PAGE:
With Classic DMS implementing X.500 directory services and the target architecture for Directories across the globe being LDAPv3 why would a Microsoft proprietary approach make any sense?  It locks the users into MS Exchange and Microsoft operating systems and does not scale well nor match the current functionality offered by LDAPv3.  Microsoft clearly admits that their current directory approach is lacking by telling users and technologists that their next generation proprietary 'Active Directory' (deliverable in early to mid 1999) will be their ultimate answer to directory requirements.

3) Attachments - Attachments to  e-mail messages are another area where DMS differs from today's current standards.  This is primarily due to the adoption by DMS of X.400 which specifies how attachments are to be handled and the fact that in certain areas like encryption and signing DoD specific methods and protocols were required in the DMS specification.

Both Exchange 5.x and the prevailing Internet standard technologies (Netscape, Eudora, etc.) use MIME (multipart internet mail extension) and S/MIME (secure MIME) for attachments and encrypted attachments.  Therefore any messages that include attachments sent from DMS to these products must be converted to be read. There is no additional interoperability gained from using the commerical version of  Microsoft Exchange 5.x with the DMS version of Microsoft Exchange.

4) Encryption - Based on the sensitive nature of the primary messages intended to be handled by DMS (organizational messages) the Government specified the use of the NSA and DoD approved FORTEZZA card for cryptography.  The FORTEZZA card is a PCMCIA card that performs cryptographic functions such as encryption and signing.

The commerical version of Microsoft Exchange 5.x does not support the use of the FORTEZZA card in any capacity.  Exchange cannot use FORTEZZA to sign or encrypt messages and Internet Explorer cannot use FORTEZZA to authenticate a user or protect data as it passes across the network.  Although Microsoft's product suites provide cryptography, it is not FORTEZZA based, which is a requirement of classic DMS.

Based on this there is not interoperability with protected data between Micorsoft Exchange DMS version and the commerical version of Microsoft Exchange 5.x.

Note: Netscape Messenger supports the use of RSA, DES, Triple-DES and FORTEZZA to protect data and authenticate users in messages making it much more flexible and conformant to standards than Microsoft Exchange.
 

5) FIPS 140-1 Validated - FIPS 140-1 is a government standard for software cryptography that is mandated for the US Government.   The US government and agencies thereof may only use products that perform software cryptography that have been validated and certified for FIPS 140-1 conformance by NIST.  This mandate has been in place since June 30, 1997.  Note: FORTEZZA has been certified for conformance therefor DMS is in compliance.

Microsoft Exchange has not be submitted to even begin this lengthy certification process.  In effect procurement of or use of Microsoft Exchange 5.x (or any Non-DMS versions) to send encrypted messages is prohibited by this mandate.  Additionally neither Microsoft Internet Explorer or Outlook Express (the mail component of MSIE) has been validated so technically use of these products is also prohibited using SSL (protected web access) or protected messaging.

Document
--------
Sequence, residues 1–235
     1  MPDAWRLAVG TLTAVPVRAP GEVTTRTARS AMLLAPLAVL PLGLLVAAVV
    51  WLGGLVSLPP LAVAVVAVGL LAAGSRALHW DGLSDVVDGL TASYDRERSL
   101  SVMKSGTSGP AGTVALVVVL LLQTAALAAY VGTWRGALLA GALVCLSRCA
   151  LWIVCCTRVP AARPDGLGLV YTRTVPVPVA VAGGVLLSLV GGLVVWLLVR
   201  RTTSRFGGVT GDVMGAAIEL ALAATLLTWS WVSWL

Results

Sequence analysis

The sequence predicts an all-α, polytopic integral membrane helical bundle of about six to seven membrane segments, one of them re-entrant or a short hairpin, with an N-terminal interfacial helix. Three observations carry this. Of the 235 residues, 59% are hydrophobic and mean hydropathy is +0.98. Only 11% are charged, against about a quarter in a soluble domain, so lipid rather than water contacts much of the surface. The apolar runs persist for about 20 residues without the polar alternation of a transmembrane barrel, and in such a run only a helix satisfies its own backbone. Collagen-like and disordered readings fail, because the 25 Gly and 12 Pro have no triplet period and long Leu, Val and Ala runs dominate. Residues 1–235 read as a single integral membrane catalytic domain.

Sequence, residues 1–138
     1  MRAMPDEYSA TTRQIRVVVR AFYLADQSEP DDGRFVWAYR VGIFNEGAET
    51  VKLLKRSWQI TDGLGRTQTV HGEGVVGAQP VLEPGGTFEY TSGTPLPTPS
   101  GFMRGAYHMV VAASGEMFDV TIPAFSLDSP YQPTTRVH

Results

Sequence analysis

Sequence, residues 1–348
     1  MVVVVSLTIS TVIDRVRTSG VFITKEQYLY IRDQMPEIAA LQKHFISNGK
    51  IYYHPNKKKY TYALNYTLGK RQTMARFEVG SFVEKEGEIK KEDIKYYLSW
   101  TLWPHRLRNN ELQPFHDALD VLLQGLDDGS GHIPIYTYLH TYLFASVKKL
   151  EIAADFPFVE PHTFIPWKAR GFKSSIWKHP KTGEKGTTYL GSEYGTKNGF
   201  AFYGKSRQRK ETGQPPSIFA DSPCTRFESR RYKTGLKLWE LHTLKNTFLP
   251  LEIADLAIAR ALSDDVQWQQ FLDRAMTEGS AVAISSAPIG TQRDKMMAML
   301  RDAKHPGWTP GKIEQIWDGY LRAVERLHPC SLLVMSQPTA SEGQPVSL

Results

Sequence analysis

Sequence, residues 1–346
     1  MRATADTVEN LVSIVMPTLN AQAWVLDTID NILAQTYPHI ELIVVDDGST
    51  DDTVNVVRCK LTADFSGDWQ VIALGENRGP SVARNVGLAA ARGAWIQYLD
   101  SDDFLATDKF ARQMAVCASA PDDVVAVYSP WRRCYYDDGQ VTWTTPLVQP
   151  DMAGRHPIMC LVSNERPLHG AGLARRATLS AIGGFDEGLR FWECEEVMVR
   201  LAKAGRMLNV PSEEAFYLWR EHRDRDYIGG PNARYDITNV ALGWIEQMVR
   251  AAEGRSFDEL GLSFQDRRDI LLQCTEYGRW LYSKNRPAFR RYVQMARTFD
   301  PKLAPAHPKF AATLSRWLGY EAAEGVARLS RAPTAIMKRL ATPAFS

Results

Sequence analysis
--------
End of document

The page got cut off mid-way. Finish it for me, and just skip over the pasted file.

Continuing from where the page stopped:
Note: Netscape alone of all the product vendors in either Messaging or the Internet space has been validated for conformance with the FIPS 140-1 standard.
 

6) Requires Gateway to Interoperate with Internet Stds - All e-mail that passes across the internet does so using the standard, SMTP (Simple Mail Transfer Protocol).  Since this is the case, any messaging solutions that do not use SMTP as the basis for mail transfer must build gateways  to convert messages from the protocol they are using (X.400 or proprietary)  to SMTP so they can pass across organizational boundaries or the Internet.  Any time you do conversions such as this you risk damaging the contents of the message as well as being unable to process a message and in fact losing it in it's entirety.

Huge costs can accrue as a result from lost productivity and administration of these complex gateways.  This has been a driving factor in adoption of messaging systems that use SMTP natively to pass messages totally eliminating the need for gateways of any kind.

Both DMS and Exchange 5.x require Gateways to interoperate.  Unfortunately they do not share a common transport protocol therefor to send a message from Exchange 5.x to DMS there must be two (2) conversions!  (Exchange proprietary protocol and format to SMTP to X.400) Two gateways twice as much chance for error and trouble.

Note: Netscape and other internet standards based solutions provide total interoperability as they use SMTP for message traffic and require no gateways.  They also reduce the interoperability issues with DMS since they require only a single conversion to pass messages. (SMTP to X.400)
 

Summary:  Based on the analysis above it is clear MS Exchange 5.x is neither "DMS compliant" nor more interoperable with DMS.  If the Government user or Agency requires DMS compliance they will need to implement full DMS (FORTEZZA card and all) as there is no middle grade solution as Microsoft would have you believe.  In addition, based on the current mandate for validated conformance with FIPS 140-1 standard it is in fact against policy to buy or implement the commerical version of Microsoft Exchange 5.x in it's current form.

Note:  Internet standards based solutions like Netscape Messaging provide the Government Clear advantages if in fact full DMS conformance is not required.

1) Support for the Internet Standards in messaging provide:
        a) Better Interoperability with the new flexible DMS and other Internet Standard Solutions
        b) Proven scalability and performance (far exceeding Exchange 5.x or other proprietary solutions)
        c) Internet standards based Directory Services that are secure, robust and easier to deploy
2) More Robust Security
        a) Use of Government Standard Software Cryptography in addition to RSA
        b) FORTEZZA support (Messaging and Web)
3) Conformance with FIPS 140-1 Mandate
4) Compatibility with DoD Medium Assurance PKI
5) Deployment of Messaging that is a target Architecture for DoD not another legacy system.
6) Netscape has been proven more cost effective and robust than MS Exchange & other Proprietary E-Mail solutions
7) Platform independence (Client and Server)
8) Use of HTML standard so Messages are not only rich in format but not limited to Netscape client for viewing

For more information on Netscape Technology see the Netscape Government Info Page at:
http://www.menk.com/netscape/


Last Updated: March 10, 1998